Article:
And while it might sound odd, a part-time job she took at the South Carolina Aquarium in Charleston during her college years inspired her to pursue a more bird-oriented career. That’s because, in addition to the expected underwater creatures, the aquarium also featured several birds and Rosintoski enjoyed working with them.

“I felt passionate about birds,” she said. “They’re gorgeous, wonderful and they can fly.”

One of the cultural sector contributors featured in 2014 Arts & Science Council Annual Fund Drive campaign materials, Rosintoski joined the Carolina Raptor Center in 2007. The Raptor Center is one of more than 20 cultural organizations in Mecklenburg County that receives unrestricted operating support through ASC.

An avid bird watcher, Rosintoski is able to make a clear connection between the winged creatures she observes and the musical background that gave her the confidence to pursue her dreams.

“The reason I love birds is directly tied to my passion for music,” she said. “You don’t always see the birds – a lot of it is listening. Their music is absolutely stunning, especially during breeding season when you have these songbirds singing beautiful music.”

ASC is You & Me finding – and appreciating – the music in nature.

ASC_2013_logo

Lessons learned from a Charlotte Museum of History re-enactor

20 Feb

By Bernie Petit
Communications Manager

Lisa Jilliani of the Charlotte Museum of History is pictured in period-correct 18th century clothing she made herself with a working replica of a Pennsylvania long rifle typical of the mid-1700s. “Women could shoot as well as men because there might be a time where they would have to be the ones to bring home the bacon – or a squirrel or a deer,” she said.

Lisa Jilliani of the Charlotte Museum of History is pictured in period-correct 18th century clothing she made herself with a working replica of a Pennsylvania long rifle typical of the mid-1700s.
“Women could shoot as well as men because there might be a time where they would have to be the ones to bring home the bacon – or a squirrel or a deer,” she said.

Lisa Jillani went from writing about historical re-enactors for the local newspaper to dressing up in 18th century garb herself.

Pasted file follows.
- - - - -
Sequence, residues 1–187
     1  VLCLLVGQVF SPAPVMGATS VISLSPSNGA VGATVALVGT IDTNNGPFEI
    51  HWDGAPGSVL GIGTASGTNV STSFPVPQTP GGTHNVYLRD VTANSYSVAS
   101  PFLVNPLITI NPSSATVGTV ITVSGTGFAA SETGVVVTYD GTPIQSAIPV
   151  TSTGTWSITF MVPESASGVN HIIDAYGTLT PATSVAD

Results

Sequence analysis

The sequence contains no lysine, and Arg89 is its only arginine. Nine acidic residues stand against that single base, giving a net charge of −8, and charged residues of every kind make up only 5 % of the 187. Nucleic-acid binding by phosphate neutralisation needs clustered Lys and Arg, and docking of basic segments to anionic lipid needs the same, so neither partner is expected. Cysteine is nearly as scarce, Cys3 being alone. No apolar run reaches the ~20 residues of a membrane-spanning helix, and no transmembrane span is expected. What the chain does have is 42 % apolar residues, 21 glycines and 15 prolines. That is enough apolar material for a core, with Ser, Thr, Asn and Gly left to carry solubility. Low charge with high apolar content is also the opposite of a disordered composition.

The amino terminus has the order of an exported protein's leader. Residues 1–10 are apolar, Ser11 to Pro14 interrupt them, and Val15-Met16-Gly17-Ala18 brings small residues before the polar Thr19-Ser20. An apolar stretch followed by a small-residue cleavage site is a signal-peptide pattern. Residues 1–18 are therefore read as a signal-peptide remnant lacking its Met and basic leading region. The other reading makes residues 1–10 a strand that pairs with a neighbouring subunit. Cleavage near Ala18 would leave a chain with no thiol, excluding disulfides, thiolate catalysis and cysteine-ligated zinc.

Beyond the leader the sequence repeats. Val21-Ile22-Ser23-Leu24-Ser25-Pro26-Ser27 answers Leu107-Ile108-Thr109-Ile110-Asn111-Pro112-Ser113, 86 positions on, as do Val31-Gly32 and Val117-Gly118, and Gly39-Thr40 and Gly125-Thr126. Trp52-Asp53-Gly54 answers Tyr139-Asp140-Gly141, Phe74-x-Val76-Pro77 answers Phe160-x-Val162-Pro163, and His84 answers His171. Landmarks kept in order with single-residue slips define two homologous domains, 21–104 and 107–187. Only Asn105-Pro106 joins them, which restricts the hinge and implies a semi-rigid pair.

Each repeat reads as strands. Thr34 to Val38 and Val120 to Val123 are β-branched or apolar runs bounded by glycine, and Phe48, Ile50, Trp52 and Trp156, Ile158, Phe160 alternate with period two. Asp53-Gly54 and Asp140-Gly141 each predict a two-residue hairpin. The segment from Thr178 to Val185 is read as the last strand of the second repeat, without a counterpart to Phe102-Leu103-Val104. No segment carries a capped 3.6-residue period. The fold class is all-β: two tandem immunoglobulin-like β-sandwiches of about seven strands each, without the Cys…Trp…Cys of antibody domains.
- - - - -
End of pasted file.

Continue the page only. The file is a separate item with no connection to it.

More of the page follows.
“I had always been a history buff ever since I can remember, even as a young child,” Jillani said. “Because my grandparents raised me, I was privileged to be exposed to people who were a lot older than I was and lived during the time the history books were written about.”

So when a press release about a nearby backcountry Thanksgiving reenactment came across her desk at The Mecklenburg Times back in 1987, she covered the story in period-appropriate attire.

From that moment, she was hooked.

“I was bitten by the reenacting bug,” she said. “It had never dawned on me before that there were people that did it as a hobby.”

It became more than that in 2001, when she became a docent at the Charlotte Museum of History. She’s currently the museum’s living history coordinator and event planner, and is “very possessive” of the log kitchen out at the historic Hezekiah Alexander House on the grounds of the museum, supported by a $50,000 Arts & Science Council (ASC) Technical Assistance Grant.

“Children ask me if I live there, which tells me that my costume is right, that I don’t look like I’m going trick-or-treating, but I look like somebody who lived in that cabin,” she said. “One little girl asked me if I could travel back in time.”

Jilliani is one of the cultural sector contributors featured in 2014 ASC Annual Fund Drive campaign materials. Her authentic look comes from her own hands – she sews all of her reenactment clothes. Her daily meals are “99.999-percent” made from scratch, too.

“The thing that reenacting has taught me is, if I need something, I first say, ‘Can I make it myself?’” she said. “If the answer is ‘Yes,’ then I make it. If the answer is ‘No,’ the question is ‘Can I get it from a thrift store?’ I rarely say ‘I need such and such’ and go buy it new.”

ASC is You & Me celebrating our history and bringing it alive for new generations.

ASC_2013_logo

Follow

Get every new post delivered to your Inbox.

Join 64 other followers